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It’s a good seven months since I wrote following the installation of my large-scale print project, ‘Within These Walls’. I had hoped to have time to sit and write a poetical and reflective account and in hoping to do that, it never happened! 2017 was a year that was intensely busy, very rewarding but with not a lot of breathing space. Strangely, the one time I had some head space was during the Grassington Festival when I was at the installation for four hours every day and often had little gaps of time alone. During these pauses, I wrote haiku, printed, drew and generally had a very relaxing and fulfilling time. My friend, the photographer Paul Harris, visited the installation and very kindly created this rather lovely film of it. It can be viewed HERE

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The installation was a success in that I had over 335 visitors and all had positive things to say. I was humbled by just how many people reacted to the work within the space saying that it made them feel peaceful, calm & inspired. The word ‘ethereal’ was repeatedly used and many felt that the barn took on the aura of a sacred space such as a church or cathedral. One woman told me she had visited early on a few occasions so that she could have the space to herself and wander amongst the hangings. A few comments from my guestbook sum up nicely the general feeling amongst my visitors:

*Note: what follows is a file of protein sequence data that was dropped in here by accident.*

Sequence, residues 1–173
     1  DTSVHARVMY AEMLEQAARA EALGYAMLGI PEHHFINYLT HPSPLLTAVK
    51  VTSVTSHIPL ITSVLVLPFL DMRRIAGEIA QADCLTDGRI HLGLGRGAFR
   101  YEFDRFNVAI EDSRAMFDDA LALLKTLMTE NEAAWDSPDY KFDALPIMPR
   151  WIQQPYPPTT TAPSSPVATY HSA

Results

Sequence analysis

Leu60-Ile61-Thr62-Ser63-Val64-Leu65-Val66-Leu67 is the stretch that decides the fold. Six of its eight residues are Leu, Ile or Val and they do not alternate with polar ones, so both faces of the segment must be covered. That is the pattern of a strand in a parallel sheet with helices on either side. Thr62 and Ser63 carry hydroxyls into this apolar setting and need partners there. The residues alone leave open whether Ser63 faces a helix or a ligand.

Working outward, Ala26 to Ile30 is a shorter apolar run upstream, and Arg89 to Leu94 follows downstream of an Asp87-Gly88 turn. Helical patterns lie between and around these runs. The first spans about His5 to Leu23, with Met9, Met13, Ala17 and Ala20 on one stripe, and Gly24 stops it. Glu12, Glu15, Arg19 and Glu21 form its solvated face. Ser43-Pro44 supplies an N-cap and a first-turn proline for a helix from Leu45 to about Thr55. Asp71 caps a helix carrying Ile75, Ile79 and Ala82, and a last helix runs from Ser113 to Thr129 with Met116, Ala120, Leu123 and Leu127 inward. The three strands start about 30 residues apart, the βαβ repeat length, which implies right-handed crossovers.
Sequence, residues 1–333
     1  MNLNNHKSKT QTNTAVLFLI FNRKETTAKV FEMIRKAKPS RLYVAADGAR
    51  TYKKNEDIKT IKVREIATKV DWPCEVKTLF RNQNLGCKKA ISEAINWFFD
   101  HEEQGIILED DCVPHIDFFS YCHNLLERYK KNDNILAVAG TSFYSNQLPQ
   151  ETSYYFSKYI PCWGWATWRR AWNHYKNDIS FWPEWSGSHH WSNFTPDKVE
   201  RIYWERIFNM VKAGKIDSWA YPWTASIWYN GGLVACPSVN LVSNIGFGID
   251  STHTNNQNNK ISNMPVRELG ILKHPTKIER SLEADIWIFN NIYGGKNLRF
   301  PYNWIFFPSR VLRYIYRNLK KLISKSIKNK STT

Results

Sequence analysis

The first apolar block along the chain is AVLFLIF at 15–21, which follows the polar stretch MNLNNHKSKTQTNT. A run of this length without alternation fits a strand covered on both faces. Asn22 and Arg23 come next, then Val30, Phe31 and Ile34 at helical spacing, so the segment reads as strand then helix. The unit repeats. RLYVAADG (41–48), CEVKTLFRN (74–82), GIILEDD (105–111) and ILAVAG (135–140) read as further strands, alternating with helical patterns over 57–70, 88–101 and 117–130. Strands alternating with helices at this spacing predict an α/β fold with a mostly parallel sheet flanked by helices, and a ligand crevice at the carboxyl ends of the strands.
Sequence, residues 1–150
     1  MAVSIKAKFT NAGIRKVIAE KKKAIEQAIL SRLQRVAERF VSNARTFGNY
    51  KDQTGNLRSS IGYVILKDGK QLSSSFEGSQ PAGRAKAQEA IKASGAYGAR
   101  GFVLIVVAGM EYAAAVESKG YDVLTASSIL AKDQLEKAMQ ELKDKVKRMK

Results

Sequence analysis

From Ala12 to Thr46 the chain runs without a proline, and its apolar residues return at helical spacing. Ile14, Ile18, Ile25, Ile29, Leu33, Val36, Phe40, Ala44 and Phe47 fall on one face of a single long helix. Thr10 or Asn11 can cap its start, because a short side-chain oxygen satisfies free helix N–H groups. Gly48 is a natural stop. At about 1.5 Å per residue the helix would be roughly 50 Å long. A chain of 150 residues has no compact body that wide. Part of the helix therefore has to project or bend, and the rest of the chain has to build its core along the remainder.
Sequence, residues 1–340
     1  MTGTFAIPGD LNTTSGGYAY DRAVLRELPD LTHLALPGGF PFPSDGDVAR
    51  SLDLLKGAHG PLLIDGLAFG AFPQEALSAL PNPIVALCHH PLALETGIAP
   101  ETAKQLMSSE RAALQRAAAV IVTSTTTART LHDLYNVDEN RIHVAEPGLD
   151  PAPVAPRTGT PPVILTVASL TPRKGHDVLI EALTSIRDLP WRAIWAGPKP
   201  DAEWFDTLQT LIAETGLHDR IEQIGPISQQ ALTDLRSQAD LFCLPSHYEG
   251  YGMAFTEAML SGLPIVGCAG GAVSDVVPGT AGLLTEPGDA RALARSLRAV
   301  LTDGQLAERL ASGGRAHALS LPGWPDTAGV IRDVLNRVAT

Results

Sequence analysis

“really suits the space well and enjoyed the walking aspect to find the barn. Lovely combination of light and shade & movement of the wind on the hangings”

“…the soul of this wondrous dale, thank you…”

“beautiful work in a special ancient place. Hay meadows & swallows – perfect summer image”

“fab to enjoy the swallows, art and barn on the longest summer day, many thanks”

“beautiful work – perfect for this peaceful space. Images make sense of ambient sounds”

“didn’t expect this! beautiful work in a  special ancient place. Haymeadows and swallows in this wonderful old barn. Cheered up a dull day”

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I also hadn’t envisaged just how much I would enjoy being within the space. Everyday was different and the light changed throughout each afternoon. Sometimes I would watch a spot of sunlight travel across the barn floor and up the hangings, other times they would whip about in the wind and, on many occasions, the parents of a brood of swallow chicks would fly amongst them.